Our Thanksgiving Secretary

A few weeks ago, we got an email from a local farm saying they were now taking Thanksgiving orders for heritage turkeys. “That is awesome. Let’s do it!” Andy said. For about a millisecond, I was on board, until I remembered that when it comes to the turkey, it’s not my call to make. Andy and I have free rein to go all rogue (within reason) on the sides — adding anchovies to roasted cauliflower or oranges and mint to the cranberry sauce — but my Mom owns the turkey and gravy. If it’s going to be anything other than a 14 1/2 pound Bell & Evans bird, it’s Mom who has to sign off on it. And let’s be honest, if you own the turkey, you own the holiday. My sister hosts, my brother brings snacks and pies, my father is on wine patrol, but my mom is President and CEO.

And also Secretary. I like to think that the reason why Thanksgiving teeters on the happy side of the chaos spectrum in our house is because of my mother’s Post Feast Analysis System. Every year, on the morning after Thanksgiving, she grabs her legal pads (she’s an attorney and I don’t think she ever leaves home without them) and starts taking detailed notes on the holiday: Date, menu, number and names of attendees, temperature, who cooked what, who bought what and where, what she needs more of next year, what she needs less of, what worked, what didn’t. Naturally, I’m not nearly as fascinated by the menu as I am by the details that surround the menu. What makes her system awesome is not just that it reminds us that we ate sweet potato casserole in 2011 and 2012 — it’s the little detail that my then 9-year-old niece requested fewer pecans in the casserole next time around. It’s not just that we auditioned a new cranberry sauce last year — it’s that my then 11-year-old niece was the one in charge of spearheading it with me. (Mom was also sure to note she’s not willing to give up on her old-school sauce just yet.) Of course, I look to the notes to see how I can improve my performance next time. Last year I did a couple things right (I provided “superb” homemade stock for the gravy — which was like getting a gold star) and also a few things wrong (in the mashed potatoes department: a simple “too much”). But at least I didn’t mess up the turkey.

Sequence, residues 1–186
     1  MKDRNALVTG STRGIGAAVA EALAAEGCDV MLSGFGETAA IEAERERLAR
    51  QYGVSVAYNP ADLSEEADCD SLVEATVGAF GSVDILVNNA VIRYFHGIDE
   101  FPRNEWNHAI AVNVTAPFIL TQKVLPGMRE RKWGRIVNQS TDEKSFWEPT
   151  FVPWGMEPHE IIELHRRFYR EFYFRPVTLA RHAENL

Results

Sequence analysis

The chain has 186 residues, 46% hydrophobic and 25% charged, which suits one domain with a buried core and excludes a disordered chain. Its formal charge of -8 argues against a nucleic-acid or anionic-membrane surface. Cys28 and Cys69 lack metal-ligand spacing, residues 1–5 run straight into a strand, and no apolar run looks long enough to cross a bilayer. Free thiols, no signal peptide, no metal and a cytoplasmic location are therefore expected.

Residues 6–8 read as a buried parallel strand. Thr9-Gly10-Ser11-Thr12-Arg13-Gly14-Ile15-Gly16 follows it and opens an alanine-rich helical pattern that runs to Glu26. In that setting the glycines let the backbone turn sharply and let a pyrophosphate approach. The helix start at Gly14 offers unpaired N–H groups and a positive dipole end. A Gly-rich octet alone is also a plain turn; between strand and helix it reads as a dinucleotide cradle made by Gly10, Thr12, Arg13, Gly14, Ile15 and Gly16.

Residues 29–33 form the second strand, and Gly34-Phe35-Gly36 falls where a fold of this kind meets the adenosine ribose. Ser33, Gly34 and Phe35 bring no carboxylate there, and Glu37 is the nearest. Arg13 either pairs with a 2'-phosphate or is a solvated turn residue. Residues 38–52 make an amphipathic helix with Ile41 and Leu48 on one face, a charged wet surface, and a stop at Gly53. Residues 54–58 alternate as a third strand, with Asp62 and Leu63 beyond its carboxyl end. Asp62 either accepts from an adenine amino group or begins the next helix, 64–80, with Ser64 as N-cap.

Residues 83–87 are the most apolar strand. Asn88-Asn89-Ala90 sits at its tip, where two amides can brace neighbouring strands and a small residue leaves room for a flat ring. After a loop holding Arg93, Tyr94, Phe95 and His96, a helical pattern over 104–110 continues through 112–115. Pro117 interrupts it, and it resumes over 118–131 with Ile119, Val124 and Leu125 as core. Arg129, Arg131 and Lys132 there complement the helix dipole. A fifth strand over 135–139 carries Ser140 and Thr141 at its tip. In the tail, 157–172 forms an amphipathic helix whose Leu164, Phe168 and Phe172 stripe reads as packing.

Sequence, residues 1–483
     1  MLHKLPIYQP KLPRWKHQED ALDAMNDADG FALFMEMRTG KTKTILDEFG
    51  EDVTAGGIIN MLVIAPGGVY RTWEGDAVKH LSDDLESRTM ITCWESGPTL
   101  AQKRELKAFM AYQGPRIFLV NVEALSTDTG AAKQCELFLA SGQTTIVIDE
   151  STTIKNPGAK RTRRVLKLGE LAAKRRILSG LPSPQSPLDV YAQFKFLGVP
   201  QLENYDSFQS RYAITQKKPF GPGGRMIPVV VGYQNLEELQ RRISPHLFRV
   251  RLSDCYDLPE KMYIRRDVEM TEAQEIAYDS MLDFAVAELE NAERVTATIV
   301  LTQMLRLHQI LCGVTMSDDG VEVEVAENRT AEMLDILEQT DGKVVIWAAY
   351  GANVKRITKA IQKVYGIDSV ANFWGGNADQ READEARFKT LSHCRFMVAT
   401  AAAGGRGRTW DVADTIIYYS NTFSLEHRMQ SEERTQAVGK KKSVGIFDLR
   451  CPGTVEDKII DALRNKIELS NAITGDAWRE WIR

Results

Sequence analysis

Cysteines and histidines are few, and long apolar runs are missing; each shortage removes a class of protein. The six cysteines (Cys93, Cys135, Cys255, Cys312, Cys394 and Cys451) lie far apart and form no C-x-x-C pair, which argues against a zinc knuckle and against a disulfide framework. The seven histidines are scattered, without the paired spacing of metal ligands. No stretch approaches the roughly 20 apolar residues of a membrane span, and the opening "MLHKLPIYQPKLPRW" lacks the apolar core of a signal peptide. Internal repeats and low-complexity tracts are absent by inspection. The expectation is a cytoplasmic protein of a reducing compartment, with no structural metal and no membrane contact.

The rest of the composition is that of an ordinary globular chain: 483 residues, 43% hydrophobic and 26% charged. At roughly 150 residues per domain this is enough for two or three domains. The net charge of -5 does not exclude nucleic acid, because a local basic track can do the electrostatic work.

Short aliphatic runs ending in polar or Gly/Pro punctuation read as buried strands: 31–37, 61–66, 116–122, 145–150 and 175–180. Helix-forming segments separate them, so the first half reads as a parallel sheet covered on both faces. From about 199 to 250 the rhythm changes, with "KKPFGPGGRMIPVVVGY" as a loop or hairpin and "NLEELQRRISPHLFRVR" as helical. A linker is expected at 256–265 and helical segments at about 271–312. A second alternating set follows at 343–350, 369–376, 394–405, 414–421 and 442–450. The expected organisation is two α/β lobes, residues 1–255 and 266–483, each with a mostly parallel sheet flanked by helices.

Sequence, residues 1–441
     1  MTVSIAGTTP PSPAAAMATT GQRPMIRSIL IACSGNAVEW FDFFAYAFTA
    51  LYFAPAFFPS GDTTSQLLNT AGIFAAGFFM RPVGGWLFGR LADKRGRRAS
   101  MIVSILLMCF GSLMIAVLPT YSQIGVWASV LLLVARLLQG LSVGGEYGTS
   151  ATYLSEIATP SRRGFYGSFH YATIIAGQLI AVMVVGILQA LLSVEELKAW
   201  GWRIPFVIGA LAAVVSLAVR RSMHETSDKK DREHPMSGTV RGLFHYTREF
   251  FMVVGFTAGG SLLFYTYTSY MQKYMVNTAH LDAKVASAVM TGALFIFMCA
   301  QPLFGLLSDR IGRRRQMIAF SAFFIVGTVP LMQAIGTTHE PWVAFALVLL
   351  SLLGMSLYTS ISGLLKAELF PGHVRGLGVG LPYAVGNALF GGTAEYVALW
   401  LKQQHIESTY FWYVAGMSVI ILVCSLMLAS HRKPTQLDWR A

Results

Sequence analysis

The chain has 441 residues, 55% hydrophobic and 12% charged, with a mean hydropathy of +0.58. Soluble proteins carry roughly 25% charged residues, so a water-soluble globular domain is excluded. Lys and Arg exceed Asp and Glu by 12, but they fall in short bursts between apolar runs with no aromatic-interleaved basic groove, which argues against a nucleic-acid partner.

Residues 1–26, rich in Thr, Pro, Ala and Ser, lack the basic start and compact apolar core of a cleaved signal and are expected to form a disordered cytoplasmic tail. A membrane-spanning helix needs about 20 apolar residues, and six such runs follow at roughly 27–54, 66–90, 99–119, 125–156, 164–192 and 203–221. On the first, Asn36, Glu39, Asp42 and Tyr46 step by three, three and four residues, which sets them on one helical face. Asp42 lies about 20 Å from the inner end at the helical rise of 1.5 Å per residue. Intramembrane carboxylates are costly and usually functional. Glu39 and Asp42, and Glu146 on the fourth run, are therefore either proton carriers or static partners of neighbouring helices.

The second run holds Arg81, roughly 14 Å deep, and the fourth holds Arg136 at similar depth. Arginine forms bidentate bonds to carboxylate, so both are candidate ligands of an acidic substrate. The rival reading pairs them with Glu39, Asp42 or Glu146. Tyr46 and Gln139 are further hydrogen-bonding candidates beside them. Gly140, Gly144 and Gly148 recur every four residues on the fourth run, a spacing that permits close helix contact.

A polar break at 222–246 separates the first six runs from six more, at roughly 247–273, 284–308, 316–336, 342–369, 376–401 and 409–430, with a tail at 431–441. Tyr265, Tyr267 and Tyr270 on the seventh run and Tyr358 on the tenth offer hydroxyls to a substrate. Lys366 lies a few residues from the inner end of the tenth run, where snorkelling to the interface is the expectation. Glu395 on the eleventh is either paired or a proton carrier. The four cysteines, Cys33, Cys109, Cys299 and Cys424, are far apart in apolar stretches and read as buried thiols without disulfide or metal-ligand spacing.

Here’s a sneak peak of my mom’s post-game report. Is there any question who I inherited the recording gene from?

Print Friendly, PDF & Email

Leave a Reply

Your email address will not be published. Required fields are marked *

What is 12 + 6 ?
Please leave these two fields as-is:
IMPORTANT! To be able to proceed, you need to solve the following simple math (so we know that you are a human) :-)



i keep notes, too! did not know you could have too much mashed potatoes (we like to mix them with leftover brussels sprouts, a little cheese and bake for Bubble & Squeak the next day). I don’t do any fancy birds b/c i always think my butterball turkey is delicious. maybe it’s the abundance of wine clouding my view, but by the time plates are full and gravied, no one really notices the turkey.


I do the same thing. It was my husband’s idea and it comes in really handy when planning the holiday. I also take notes on all my recipes now indicating what I might have changed and did it work or what I should do differently next time!

Lucinda Santiago

I want your mom! My mom was always such a control freak about each and every elements, not allowing others to bring things or make much (other than pies, because my sister is without question the best pie maker) that a fair analysis would only prove self mocking. Your family tradition — while perhaps controlling in its own manner — is so much more fun and useful.


I always write down menus for holidays and parties we have at our house so I can refer to them for ideas. My notes aren’t quite as detailed, but I love the idea!


Your mother’s handwriting looks so much like my mother’s! And as a crazy listmaker, this is so much up my alley … hmm, maybe I need a new notebook to start recording Thanksgiving details.


My mom is a lawyer, too, and she is such a recorder. Our Thanksgivings have never been traditional as we always traveled with my dad to other countries for work during the holiday (and ate in a nice restaurant), but I can very much understand the detailed records of all other things: gift-giving, birthday celebrations, etc.

Mommy Lisa

WOW. I don’t get to host – and since the year we made green bean casserole from scratch we are no longer asked to bring anything other than olives and pickles. My husbands family has NO taste.


I love the post-mortem notes (attorney here too)! I make a very detailed menu each year with a timeline starting from eating time and working backwards to the weekend prior + reminders about the frozen pie crusts in the freezer. We host both sides of our family + some others for about 25-30 guests, and I have a 4-burner stove and 1 oven. Notes are key! Definitely adding a “day after” section in my Thanksgiving book.